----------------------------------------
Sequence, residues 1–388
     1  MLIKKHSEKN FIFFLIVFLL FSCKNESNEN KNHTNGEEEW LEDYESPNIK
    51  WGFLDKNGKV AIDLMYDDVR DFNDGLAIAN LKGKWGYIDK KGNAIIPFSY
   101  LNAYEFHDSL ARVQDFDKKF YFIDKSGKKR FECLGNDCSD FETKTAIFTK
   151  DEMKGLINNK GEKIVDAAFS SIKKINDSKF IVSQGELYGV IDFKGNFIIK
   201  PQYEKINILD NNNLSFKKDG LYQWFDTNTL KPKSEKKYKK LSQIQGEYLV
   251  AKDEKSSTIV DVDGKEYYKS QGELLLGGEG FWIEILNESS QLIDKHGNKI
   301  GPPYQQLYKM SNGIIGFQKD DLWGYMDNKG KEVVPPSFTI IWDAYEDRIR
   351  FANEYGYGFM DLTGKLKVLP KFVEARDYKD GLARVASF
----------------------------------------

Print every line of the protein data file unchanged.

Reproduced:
Sequence, residues 1–388
     1  MLIKKHSEKN FIFFLIVFLL FSCKNESNEN KNHTNGEEEW LEDYESPNIK
    51  WGFLDKNGKV AIDLMYDDVR DFNDGLAIAN LKGKWGYIDK KGNAIIPFSY
   101  LNAYEFHDSL ARVQDFDKKF YFIDKSGKKR FECLGNDCSD FETKTAIFTK
   151  DEMKGLINNK GEKIVDAAFS SIKKINDSKF IVSQGELYGV IDFKGNFIIK
   201  PQYEKINILD NNNLSFKKDG LYQWFDTNTL KPKSEKKYKK LSQIQGEYLV
   251  AKDEKSSTIV DVDGKEYYKS QGELLLGGEG FWIEILNESS QLIDKHGNKI
   301  GPPYQQLYKM SNGIIGFQKD DLWGYMDNKG KEVVPPSFTI IWDAYEDRIR
   351  FANEYGYGFM DLTGKLKVLP KFVEARDYKD GLARVASF